Allen says rental yields should increase as prospective buyers still struggle to obtain home loan finance and new developments launches have been put on hold until market conditions improve.
“So while there is still an under supply of rental stock in the market in general, rentals should generally go up.”
He says this is good for investors but not necessarily good for tenants, with a number of tenants already under financial pressure due to the economy.
“Rent payment defaults are always a risk any investor needs to take into consideration when buying an investment property.
“There are still a huge number of property owners struggling to afford the repayments and I continue to see lists and lists of property owners due to go to Sale in Execution auctions,” according to Allen.
What’s more, he says rental yields are normally slightly lower when buying a property off plan (directly from a developer) compared to buying an existing property.
Developers are generally the ones extracting the full value out of the deal.
Investors will achieve yields of around 7 percent on average for new development units and closer to 10 percent for existing properties in certain areas like the beachfront, explains Allen.
“The higher the risk the higher the reward/yield, is the general rule with investment properties within reason, and an investor should always check the financials of a block to make sure the body corporate is liquid.”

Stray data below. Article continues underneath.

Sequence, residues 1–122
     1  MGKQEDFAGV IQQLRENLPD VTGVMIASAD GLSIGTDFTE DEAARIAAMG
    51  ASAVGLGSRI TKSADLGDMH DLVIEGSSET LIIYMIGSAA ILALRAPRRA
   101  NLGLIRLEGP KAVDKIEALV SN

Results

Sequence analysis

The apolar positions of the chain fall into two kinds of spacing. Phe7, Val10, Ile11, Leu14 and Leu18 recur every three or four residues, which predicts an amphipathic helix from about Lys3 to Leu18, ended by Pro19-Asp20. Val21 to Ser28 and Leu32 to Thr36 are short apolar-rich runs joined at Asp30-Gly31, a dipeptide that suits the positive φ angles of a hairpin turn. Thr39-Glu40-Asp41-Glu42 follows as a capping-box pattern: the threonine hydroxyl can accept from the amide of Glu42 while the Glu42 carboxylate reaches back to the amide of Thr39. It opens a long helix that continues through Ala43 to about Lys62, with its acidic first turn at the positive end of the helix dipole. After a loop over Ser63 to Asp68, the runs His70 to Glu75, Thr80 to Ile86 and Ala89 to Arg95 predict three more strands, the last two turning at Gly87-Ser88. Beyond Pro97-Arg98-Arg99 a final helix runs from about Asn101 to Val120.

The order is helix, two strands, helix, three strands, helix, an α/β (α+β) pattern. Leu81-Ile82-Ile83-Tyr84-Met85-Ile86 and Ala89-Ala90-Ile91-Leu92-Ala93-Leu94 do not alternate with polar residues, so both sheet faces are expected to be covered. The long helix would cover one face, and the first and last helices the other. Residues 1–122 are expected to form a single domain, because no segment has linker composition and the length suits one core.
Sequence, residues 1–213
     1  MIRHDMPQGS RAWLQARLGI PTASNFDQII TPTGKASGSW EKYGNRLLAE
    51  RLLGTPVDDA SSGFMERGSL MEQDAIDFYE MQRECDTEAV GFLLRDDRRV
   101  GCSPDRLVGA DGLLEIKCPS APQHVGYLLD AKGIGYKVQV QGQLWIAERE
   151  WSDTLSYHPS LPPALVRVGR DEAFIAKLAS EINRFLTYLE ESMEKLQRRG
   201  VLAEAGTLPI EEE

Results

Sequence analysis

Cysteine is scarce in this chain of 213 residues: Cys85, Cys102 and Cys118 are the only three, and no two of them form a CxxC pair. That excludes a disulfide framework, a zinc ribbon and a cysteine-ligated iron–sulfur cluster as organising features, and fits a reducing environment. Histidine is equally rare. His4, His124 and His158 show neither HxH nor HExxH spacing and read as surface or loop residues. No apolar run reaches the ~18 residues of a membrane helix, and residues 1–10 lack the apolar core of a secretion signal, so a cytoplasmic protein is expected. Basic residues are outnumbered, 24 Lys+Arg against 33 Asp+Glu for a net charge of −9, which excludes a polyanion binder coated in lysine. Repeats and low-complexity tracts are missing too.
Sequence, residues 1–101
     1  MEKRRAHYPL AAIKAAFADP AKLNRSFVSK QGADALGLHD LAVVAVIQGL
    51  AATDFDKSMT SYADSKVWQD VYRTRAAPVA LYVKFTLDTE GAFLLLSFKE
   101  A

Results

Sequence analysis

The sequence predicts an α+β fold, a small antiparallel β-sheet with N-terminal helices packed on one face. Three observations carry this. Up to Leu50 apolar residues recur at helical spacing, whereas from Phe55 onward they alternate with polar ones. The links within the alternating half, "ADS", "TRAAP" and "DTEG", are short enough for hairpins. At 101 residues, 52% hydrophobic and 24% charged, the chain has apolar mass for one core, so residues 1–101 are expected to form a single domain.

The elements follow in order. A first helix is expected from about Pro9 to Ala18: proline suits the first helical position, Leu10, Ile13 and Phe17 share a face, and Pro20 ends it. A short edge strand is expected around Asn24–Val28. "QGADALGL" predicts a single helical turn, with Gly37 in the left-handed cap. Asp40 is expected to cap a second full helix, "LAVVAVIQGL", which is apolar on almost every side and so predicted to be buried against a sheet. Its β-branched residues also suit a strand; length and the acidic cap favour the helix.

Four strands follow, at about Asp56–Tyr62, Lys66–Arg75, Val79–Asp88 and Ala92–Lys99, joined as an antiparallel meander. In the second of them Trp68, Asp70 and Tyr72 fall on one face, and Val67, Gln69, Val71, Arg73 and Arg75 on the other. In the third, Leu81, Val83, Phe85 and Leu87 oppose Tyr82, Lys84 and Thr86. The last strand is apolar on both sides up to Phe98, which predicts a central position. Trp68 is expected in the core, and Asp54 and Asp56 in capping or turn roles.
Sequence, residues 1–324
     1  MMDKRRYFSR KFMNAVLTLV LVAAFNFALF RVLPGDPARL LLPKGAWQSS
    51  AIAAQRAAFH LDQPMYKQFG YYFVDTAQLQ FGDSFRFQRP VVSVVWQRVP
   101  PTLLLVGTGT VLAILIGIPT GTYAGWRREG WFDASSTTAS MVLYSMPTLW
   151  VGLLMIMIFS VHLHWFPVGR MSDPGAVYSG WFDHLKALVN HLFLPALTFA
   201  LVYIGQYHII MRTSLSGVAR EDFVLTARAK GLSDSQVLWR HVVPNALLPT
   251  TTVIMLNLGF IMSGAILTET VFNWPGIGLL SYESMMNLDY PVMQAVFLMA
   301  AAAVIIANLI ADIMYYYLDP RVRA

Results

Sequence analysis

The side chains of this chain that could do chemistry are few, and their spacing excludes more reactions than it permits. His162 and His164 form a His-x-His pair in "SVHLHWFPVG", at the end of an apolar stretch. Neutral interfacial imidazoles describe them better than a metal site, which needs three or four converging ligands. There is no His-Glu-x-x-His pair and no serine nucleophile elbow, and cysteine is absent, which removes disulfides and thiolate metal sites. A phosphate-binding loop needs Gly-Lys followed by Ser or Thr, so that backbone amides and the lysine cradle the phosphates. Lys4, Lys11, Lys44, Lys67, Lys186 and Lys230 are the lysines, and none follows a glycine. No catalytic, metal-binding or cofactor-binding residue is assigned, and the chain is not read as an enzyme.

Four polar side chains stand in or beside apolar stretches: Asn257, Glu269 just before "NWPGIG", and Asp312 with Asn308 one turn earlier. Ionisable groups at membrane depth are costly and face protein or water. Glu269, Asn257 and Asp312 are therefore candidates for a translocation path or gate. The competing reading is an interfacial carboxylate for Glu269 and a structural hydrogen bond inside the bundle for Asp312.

Allen points out that there are some blocks that have been “red flagged” by banks, which means that they will not lend due to the risk and this will affect chances of resale later down the line.
If a body corporate has huge outstanding levies then maintenance and security could become issues and property values in the block could decline, he says.
Heyns points out that rentals are fairly stable at an average of R6 500 per month.
“Wisely invested money in properties which let for less than R5 500 would relate to an initial out-of-pocket expense of R500 per month,” she says.
Those who survived the boom and bust cycle of the property market are needed to invest now in a future, which is uncertain in the short term but will be true to property trends over time – possibly a step for the courageous, adds Heyns. – Denise Mhlanga